Meaning of ALOHA –
The real meaning of Aloha in Hawaiian is that of Love, Peace, and Compassion. It’s the guidelines of how to live – a life of Aloha is one when the heart is so full it is overflowing with the ability to influence others around you with your spirit.
Just returning from vacation on the BIG Island of Hawaii, I feel inspired to share the following story with you…
Better known as Peaman, Sean, is an acquaintance I have known all my life and see every year in Kona. He has been putting on free running and multi-sport events in Kona for the last 20-years and generally contributing to the aloha feel that the Big Island is famous for.
Sean was in an accident at the age of 9 and he still suffers severe pain on a daily basis. One (not ALL) of his obstacles have been that his pituitary gland does not function and he does not produce any hormones. As a result he has zero motility in his gut which makes it extremely difficult for him to absorb nutrition and gain any weight. Usually it hurts me to look at him because he is so skinny! However, something was different about Sean this year. I was expecting to see his frail physic, bald head, and chicken legs. Instead, I saw him with a full head hair, and possessing some muscle mass. He actually had meat on his bones! What happened I wondered?
The accident happened when I was 9 years old when we were back visiting Manhattan Beach, California. A drunk driver hit us going almost 70 mph, killing my mother instantly. It put me in the hospital for an extended amount of time and caused major damage to my pituitary gland, which helps maintain your body’s muscle mass.
During the accident I had the experience of going toward the loving light of God and then going back into my body. I would say that moment has formed my life in a very positive way.
When I was in high school, no one knew how bad the pituitary damage was. When everyone else was growing facial hair and wanting to have girlfriends, I wanted to play in the mud. I was not interested in standing in the hallway with fancy clothes. I wanted to throw the ball around like we did in elementary school.
In high school, I was running track and playing Pop Warner football and doing all the things normal kids did, but just having a lot of pain and unusual health situations. Suddenly, my femur breaks and they tell me I have the bone density of a 70-year-old man and that I have osteoporosis.
If you look now, as far as my heath and the pain I’m in, I still say it is a blessing. I would not be doing what I’m doing if it was not for that.
When I saw Sean, I automatically said, Wow! You look great. What happened? What did you do?
He was so kind and humble and told me his story. He said, a lot happened! Mainly he stated that he choose to live. He hit rock bottom, sleeping 36 hours at a time and only weighing in at 80 lbs. At that low point he knew he wanted to live and therefore had to make some changes…body, mind and spirit.
Last year before the Hapuna Rough Water Swim was a big rough patch. I was hovering around 80 pounds and sometimes sleeping up to 36 hours at a time. To do Hapuna — I cannot even explain it. On paper, it was nearly impossible.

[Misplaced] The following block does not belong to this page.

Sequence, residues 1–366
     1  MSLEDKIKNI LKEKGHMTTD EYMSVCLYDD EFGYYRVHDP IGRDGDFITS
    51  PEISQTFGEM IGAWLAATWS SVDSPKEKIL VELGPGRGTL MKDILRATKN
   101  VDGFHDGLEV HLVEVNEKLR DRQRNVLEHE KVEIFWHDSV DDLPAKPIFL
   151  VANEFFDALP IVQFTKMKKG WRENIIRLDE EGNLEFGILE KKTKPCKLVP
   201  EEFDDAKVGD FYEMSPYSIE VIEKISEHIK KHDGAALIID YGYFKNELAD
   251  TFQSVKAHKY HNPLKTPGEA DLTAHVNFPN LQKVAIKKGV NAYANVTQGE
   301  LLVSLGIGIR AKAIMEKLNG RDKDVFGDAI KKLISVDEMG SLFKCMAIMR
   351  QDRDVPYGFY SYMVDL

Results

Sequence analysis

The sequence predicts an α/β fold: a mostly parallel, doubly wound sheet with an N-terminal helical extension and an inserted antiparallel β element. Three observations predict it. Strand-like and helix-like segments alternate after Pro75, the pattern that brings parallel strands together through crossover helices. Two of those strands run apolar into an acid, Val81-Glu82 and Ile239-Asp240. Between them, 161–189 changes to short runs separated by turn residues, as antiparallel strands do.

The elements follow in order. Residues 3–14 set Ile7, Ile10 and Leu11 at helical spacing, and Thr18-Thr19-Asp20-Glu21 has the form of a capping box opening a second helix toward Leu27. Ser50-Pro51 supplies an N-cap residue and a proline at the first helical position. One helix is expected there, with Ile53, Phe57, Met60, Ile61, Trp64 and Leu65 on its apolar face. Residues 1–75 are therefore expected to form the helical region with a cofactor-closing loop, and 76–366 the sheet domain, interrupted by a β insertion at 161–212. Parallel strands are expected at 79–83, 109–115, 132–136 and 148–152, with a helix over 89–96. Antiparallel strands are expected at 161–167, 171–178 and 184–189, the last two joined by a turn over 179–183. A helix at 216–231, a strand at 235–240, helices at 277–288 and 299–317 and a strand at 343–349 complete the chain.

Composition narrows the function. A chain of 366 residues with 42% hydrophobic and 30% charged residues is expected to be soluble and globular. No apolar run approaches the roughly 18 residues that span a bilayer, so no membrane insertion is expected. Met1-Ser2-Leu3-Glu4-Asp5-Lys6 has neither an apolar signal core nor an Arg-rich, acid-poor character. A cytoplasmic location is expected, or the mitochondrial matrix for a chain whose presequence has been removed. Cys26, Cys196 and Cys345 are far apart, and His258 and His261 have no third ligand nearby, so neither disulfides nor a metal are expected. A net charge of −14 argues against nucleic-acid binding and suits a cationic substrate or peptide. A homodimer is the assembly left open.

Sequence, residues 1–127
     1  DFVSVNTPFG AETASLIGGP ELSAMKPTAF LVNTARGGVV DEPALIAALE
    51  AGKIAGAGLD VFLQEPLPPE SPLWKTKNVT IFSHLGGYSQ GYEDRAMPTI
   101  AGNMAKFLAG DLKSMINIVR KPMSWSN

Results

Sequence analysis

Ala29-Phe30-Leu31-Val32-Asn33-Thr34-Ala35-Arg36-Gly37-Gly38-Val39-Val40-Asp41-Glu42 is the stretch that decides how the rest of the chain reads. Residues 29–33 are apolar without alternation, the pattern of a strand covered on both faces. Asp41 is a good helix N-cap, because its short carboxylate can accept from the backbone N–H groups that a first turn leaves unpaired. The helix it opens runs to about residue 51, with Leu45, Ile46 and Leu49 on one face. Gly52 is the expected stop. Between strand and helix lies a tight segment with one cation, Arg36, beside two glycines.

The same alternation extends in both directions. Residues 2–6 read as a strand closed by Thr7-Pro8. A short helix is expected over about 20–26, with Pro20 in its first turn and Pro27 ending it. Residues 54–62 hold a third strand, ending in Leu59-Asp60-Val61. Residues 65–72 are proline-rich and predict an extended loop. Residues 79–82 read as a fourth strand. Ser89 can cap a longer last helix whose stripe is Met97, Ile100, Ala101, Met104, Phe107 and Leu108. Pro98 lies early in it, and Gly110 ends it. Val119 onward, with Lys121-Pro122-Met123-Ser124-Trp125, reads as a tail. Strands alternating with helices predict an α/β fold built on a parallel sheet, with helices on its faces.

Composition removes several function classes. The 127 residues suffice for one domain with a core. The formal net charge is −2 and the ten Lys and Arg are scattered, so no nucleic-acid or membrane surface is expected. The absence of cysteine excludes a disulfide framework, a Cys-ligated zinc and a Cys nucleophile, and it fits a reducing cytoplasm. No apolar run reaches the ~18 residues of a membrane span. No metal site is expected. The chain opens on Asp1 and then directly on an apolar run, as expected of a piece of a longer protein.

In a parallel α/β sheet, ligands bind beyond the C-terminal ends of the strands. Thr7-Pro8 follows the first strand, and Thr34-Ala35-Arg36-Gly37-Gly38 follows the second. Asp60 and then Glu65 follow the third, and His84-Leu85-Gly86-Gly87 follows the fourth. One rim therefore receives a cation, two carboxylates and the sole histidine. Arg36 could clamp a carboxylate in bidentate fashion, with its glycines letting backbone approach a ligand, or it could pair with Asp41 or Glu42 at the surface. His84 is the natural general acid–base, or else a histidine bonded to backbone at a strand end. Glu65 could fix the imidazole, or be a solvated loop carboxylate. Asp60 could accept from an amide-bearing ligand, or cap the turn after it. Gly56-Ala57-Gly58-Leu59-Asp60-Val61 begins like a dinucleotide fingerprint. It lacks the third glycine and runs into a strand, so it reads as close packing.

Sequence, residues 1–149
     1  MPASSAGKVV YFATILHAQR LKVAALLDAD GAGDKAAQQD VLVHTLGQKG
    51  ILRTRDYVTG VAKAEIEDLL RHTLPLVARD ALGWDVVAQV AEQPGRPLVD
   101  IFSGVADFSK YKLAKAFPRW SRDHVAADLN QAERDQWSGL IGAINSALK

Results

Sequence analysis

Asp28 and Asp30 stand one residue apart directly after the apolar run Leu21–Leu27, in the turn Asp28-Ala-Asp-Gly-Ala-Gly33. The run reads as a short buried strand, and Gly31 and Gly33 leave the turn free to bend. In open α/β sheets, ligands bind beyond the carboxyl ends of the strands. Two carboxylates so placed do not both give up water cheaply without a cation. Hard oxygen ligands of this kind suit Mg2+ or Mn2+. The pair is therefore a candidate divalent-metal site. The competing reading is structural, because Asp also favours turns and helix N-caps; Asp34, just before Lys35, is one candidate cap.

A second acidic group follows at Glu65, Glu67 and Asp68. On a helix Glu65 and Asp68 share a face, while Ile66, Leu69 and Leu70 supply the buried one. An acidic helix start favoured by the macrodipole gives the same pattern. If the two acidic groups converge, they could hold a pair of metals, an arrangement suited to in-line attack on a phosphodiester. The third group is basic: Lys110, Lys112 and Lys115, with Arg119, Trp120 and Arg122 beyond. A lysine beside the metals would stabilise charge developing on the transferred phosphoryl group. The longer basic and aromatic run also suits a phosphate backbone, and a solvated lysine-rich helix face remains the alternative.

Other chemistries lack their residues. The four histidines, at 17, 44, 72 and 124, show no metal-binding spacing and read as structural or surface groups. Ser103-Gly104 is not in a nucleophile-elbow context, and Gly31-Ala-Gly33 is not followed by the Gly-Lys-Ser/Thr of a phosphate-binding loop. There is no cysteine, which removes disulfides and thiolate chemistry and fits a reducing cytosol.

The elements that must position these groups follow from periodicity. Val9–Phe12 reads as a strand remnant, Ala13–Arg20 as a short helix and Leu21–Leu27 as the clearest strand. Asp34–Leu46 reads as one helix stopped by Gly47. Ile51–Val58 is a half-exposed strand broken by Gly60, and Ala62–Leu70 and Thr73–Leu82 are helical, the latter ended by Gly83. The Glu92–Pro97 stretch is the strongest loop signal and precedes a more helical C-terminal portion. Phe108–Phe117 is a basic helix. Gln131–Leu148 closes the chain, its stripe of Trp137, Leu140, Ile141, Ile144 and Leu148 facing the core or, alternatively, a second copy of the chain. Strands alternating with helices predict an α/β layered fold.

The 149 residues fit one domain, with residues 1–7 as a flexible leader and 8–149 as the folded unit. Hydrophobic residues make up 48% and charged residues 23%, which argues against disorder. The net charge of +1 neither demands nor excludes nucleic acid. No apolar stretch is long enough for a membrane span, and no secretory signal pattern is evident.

When you go into something and tell yourself you can’t do it, you’re not going to do it. In the years I was able to do Ironman, I did not train as much as I should have, but never told myself I couldn’t do it. When I did train, I wouldn’t wear a watch or heart monitor because I didn’t want something to telling me what my limits were. I just go by how I feel, regardless of time or numbers.
I think the way I make it through the rough patches is with consistency and not giving up. I do what I can do, but make the effort to get up and do it. Movement is what keeps me alive.
In addition to not giving up, being present, and believing in himself, Sean told me he simply does what he needs to do to keep his body absorbing the nutrients he needs the best he can. This means daily injections of B12, hormones, daily Noni juice(if you do not know what this is, look it up! It is magic), and lots and lots of protein shakes as he regurgitates most of what he eats. He also continues to exercise daily, I see him almost every morning at the Kailua-Kona pier swimming out to the 1.2 mile buoy. Most impressively, he is kind, compassionate, caring, and has an expansive heart. He is not ashamed to share his story, his struggles, and also work hard to fell better. He does not let his pain and all his daily upkeep prevent him from keeping a positive outlook on life. I love it! He is no victim to his pain and knows that life is to be lived and also shared. He is definitely an inspiration to me and how I want to live my life.
What do you hope people take away from a Peaman event?
SEAN- I would say the beauty of Kona and the giving nature of the people here.
I always hope people experience aloha in its purest form, which is when people come together and celebrate the day. I really get perturbed when people talk bad about Hawaii and say the aloha is gone. There is always aloha, you just have to find it.
Our slogan is, “Live, Laugh and be a Pea.” All these people who are so called “adults” love a kids party better. People are big kids and just want to have fun. That’s my belief.
I hope you can all find and see the Aloha in yourself and share your incredible ALOHA with the ones around you.
If you travel to Kona and want to participate in one of Sean’s events, please click here!